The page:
Updated at 4:28 p.m. on Wednesday, August 14, 2019, with more information.
The suspect at the center of a deadly 2017 shooting outside a downtown nightclub pleaded guilty on Tuesday to attempted second-degree murder and firearm charges.
Roddarius Martin, 25, was accused of shooting and killing 22-year-old Sharone "Ronie" Porter in a parking lot across from Coyote Jack's nightclub on Cowart Street in December 2017.
At the time, witnesses said the incident began with an argument inside the club between Sharone Porter's brother, 24-year-old Torrie Porter, and several other men, one of whom was Martin. Surveillance footage corroborated those statements.
The fight continued outside where Martin fired several rounds into the air before shooting the brothers. Torrie Porter was shot in the leg, and Sharone Porter, who was reportedly trying to stop Martin, was fatally shot.
But Martin's attorney, Bill Speek, argued that, based on about three different shell casings being found at the scene, there was at least one other shooter that night and no eyewitness actually saw Martin shoot Sharone Porter. The gun used in the slaying hadn't been found, either.
Martin was later indicted on a reduced charge of attempted first-degree premeditated murder, as well as criminal attempted second-degree murder, employing a firearm during a dangerous felony and aggravated assault.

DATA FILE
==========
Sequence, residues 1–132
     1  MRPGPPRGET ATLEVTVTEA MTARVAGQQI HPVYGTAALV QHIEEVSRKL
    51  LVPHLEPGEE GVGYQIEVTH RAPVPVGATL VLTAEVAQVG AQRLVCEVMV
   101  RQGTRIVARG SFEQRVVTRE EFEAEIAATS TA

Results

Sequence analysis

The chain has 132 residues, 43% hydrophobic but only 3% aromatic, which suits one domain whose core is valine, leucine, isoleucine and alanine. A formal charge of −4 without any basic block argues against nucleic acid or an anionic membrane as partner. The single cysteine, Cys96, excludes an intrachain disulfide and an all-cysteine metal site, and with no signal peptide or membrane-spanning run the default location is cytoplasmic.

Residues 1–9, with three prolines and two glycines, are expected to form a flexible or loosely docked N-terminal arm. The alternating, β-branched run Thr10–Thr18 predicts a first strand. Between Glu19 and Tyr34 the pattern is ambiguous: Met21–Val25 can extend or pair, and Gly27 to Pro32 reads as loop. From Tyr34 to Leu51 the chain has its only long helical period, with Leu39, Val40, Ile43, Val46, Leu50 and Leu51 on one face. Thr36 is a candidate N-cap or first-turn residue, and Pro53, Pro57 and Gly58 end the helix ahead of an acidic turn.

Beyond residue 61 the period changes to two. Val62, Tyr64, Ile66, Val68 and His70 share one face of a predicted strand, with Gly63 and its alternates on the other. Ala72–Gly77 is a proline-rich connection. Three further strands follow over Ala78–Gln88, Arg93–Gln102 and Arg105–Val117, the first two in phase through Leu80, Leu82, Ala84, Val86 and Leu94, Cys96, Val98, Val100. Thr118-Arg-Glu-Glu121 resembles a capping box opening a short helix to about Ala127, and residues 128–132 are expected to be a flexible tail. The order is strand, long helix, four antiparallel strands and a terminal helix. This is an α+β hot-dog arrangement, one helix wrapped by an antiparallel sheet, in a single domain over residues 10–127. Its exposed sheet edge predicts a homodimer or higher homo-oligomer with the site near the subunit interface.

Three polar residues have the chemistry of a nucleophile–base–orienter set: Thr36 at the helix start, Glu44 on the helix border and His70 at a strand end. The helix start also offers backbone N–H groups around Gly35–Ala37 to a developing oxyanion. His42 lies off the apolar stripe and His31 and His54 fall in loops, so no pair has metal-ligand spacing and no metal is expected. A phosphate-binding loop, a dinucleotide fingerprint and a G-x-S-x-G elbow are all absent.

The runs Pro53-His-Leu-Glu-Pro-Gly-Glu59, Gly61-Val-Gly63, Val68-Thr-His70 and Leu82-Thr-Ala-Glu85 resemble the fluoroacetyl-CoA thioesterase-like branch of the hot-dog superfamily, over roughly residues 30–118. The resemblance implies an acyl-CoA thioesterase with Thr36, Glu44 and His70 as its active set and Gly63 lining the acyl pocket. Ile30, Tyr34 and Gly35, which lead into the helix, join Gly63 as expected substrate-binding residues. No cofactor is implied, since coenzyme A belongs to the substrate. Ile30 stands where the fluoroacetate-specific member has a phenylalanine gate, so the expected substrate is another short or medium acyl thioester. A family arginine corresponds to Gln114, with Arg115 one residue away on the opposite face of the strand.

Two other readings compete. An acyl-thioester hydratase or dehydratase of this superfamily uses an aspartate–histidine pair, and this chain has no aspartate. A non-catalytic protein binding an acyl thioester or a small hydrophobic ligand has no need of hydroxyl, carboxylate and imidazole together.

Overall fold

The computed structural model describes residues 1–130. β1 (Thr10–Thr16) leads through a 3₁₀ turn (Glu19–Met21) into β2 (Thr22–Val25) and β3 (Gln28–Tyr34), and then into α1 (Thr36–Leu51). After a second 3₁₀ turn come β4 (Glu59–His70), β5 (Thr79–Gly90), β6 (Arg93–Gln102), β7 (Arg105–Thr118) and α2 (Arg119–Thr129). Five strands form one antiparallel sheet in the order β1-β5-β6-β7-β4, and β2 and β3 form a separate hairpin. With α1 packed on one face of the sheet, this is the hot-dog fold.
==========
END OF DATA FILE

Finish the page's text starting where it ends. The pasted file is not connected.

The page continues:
On Tuesday, the attempted first-degree murder and aggravated assault charges were dismissed and Martin pleaded guilty to attempted second-degree murder and employing a firearm during a dangerous felony. He was sentenced to a total of 16 years in prison.
It's not clear exactly why some of the charges were dismissed, but Hamilton County District Attorney's Office spokesman Bruce Garner said prosecutors noted that a second-degree murder charge — a class B felony — carries a stiffer sentence than voluntary manslaughter, a class C felony.
The defense already had raised questions about whether Martin even fired the fatal shot at all. And prosecutors would have had to prove premeditation and intent in order for an attempted first-degree murder charge to stick.
In the end, Sharone Porter's survivors were pleased with the 16-year sentence for Martin, Garner said.
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